Old Orchard, ME Town Destroyed, Aug 1907

Ruins of Old Orchard Maine Ruins of Old Orchard Maine One of the Hotels In Flames The Iron Pier The Fiske House In Flames Fiske House Before the Fire Ruins of the Fiske House Old Orchard MAINE Fire 8-15-1907.jpg



Old Orchard, Me., Aug. 16. -- Two lives were lost and five persons were injured, three seriously, in the fire which swept through this seashore resort last night, causing a loss of $800,000, with insurance of about one-third.
The dead are PHILIP PARTRIDGE of Kennebunk, who was killed by a locomotive while crossing the track on the way to the fire, and an unidentified man, who was blown to pieces by the explosion of a soda tank.
Among the injured are the REV. RUFUS H. JONES, pastor of Trinity Church of Saco, who was seriously hurt by the explosion of the soda tank; NEWTON MORRILL of Salem, Mass., a Boston & Maine Railroad engineer; an unidentified man, who may die, (both were victims of the explosion); MISS MINARD of Kennebunk, badly bruised by being thrown from the carriage in which she was riding with PARTRIDGE, and SAMUEL EMERSON of Old Orchard. He was knocked unconscious by the explosion.
Seventeen Summer hotels, sixty cottages, and a score of buildings occupied by stores were destroyed. The explosion which caused so many injuries occurred in HORGAN'S drug store, on Old Orchard Avenue.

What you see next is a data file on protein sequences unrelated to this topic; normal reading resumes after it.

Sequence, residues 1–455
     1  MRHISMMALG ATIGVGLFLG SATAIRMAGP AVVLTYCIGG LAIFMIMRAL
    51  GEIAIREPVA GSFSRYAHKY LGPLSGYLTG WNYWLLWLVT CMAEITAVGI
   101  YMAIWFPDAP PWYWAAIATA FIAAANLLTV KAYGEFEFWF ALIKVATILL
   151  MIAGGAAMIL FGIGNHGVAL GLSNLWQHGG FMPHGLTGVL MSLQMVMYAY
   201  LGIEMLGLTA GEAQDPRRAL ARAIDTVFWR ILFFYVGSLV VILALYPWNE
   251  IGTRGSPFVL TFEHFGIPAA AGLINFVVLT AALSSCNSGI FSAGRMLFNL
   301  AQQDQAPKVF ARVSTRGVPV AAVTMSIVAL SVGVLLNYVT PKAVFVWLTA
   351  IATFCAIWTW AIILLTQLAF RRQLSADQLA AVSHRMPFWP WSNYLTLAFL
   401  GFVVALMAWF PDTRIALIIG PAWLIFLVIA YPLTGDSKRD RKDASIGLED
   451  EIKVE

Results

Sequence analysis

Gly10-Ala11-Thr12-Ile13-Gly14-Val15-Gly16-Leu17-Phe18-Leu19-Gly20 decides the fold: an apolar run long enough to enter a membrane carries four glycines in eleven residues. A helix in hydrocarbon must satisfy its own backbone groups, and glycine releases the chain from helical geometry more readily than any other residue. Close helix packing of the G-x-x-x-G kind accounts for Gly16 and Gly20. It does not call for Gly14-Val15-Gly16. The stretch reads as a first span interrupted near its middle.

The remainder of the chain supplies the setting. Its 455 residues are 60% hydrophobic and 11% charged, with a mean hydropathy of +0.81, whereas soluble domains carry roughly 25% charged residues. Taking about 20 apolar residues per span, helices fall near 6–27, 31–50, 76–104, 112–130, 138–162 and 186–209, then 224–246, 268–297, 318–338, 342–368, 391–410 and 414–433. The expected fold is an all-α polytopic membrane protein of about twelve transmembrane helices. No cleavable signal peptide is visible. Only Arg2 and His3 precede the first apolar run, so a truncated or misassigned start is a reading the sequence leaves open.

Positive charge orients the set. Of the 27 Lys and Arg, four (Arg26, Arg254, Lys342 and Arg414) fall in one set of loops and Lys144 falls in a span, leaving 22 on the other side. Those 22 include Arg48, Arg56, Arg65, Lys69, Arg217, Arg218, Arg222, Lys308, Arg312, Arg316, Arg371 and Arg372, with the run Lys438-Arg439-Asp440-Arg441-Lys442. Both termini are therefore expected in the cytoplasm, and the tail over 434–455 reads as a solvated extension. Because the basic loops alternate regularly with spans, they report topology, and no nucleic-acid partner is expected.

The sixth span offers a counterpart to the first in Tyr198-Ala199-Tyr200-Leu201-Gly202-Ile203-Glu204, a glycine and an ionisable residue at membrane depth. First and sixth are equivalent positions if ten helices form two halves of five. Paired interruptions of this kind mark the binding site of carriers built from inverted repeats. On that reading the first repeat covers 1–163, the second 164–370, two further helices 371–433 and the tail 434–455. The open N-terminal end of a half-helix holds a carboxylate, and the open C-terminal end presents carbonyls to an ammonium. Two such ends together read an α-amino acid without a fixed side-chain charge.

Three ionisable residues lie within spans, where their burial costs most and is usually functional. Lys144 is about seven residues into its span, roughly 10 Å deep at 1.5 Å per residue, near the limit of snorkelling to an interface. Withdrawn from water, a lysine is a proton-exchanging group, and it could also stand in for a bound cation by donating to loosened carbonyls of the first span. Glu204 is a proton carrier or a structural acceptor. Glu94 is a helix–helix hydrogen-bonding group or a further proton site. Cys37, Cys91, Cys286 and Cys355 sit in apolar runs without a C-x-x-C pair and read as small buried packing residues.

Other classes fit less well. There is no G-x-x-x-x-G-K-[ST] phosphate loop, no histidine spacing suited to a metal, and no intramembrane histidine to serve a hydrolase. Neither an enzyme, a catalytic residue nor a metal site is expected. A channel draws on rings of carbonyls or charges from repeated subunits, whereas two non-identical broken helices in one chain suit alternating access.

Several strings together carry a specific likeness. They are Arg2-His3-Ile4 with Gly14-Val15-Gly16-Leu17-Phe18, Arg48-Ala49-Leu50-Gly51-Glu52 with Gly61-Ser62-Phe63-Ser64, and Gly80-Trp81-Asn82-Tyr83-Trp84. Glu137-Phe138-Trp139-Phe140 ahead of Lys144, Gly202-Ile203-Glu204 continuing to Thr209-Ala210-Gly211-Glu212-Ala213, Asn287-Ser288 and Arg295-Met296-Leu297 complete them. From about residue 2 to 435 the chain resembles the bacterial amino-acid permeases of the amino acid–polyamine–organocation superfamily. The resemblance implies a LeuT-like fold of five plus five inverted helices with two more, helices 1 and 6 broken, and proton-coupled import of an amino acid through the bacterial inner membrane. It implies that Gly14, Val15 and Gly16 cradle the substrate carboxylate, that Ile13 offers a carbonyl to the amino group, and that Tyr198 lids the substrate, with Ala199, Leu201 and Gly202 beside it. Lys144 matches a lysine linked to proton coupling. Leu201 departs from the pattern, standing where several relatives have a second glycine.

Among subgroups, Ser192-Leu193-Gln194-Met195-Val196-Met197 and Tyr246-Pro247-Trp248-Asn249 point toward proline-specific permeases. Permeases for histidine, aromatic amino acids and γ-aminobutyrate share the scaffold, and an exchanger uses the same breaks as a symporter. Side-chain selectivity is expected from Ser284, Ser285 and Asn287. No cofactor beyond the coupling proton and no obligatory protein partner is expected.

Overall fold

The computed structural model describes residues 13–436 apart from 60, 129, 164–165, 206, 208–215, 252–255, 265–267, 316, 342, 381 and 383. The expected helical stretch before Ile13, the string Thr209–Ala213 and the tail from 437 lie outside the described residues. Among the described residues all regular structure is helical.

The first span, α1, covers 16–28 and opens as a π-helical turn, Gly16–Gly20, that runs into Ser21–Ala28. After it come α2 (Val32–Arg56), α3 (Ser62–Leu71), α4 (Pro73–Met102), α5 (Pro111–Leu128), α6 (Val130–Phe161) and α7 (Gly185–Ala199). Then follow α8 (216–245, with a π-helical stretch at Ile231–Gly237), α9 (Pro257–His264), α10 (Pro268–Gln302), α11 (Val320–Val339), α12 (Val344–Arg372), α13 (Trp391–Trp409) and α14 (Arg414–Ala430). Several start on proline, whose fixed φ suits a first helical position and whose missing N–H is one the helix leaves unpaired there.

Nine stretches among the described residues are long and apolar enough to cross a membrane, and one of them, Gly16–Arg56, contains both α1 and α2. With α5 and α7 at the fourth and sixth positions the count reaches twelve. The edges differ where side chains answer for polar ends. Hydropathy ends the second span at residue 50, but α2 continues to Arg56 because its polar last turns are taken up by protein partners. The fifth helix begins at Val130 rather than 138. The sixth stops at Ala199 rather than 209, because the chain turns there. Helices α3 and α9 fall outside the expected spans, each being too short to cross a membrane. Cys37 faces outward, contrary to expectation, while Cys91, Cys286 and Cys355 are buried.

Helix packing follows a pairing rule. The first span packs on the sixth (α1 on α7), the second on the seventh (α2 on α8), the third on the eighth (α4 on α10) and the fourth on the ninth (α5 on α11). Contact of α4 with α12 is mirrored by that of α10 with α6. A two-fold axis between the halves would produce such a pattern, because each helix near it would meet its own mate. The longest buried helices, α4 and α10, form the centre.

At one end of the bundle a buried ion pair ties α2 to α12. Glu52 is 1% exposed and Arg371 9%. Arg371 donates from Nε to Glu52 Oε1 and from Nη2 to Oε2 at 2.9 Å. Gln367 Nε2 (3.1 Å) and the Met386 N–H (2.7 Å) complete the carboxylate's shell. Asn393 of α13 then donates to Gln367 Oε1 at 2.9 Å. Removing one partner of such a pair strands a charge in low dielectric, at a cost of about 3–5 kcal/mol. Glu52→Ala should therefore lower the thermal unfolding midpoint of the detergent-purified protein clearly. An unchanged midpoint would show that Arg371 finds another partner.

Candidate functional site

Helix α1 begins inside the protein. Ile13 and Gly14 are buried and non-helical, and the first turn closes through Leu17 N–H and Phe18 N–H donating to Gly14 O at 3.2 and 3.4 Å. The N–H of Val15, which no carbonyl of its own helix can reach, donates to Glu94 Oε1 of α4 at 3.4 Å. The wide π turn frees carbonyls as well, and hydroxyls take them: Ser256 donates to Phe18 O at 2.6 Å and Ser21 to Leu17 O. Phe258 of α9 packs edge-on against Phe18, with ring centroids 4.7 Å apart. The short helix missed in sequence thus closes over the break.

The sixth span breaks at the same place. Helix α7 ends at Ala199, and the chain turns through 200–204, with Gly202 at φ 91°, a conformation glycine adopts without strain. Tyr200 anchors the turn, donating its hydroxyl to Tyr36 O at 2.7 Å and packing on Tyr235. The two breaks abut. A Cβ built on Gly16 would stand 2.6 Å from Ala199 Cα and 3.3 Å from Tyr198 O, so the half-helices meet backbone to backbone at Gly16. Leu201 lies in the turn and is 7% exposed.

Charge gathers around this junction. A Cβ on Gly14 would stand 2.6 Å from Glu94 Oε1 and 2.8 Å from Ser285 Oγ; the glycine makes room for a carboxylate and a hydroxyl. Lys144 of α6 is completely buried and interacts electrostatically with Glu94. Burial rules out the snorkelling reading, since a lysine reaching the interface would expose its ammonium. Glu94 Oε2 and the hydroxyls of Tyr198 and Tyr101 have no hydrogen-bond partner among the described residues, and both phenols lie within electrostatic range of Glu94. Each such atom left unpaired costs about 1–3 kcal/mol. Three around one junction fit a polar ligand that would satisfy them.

As a result of the fire the season at Old Orchard is brought to an abrupt close, as only one large hotel, the Old Orchard, remains. All trains, including several extras, were packed today with persons leaving the shore.
The fire seemed dangerous from the start and many in the nearby hotels at once began packing up. As the conflagration spread, the baggage was removed. Not a few, however, suffered loss by having their goods carried to the beach, where they were deposited at low water. When the tide came much property was ruined and some of it swept away.
A large number of persons took refuge on the famous iron pier, and when the flames threatened those on the pier they ripped up seventy-five feet of the planking and in this way saved the structure from serious damage.
The people who were driven from the hotels were compelled to spend the night on the beach. A stiff breeze blew in from the sea and many suffered, especially the children.

New York Times New York 1907-08-17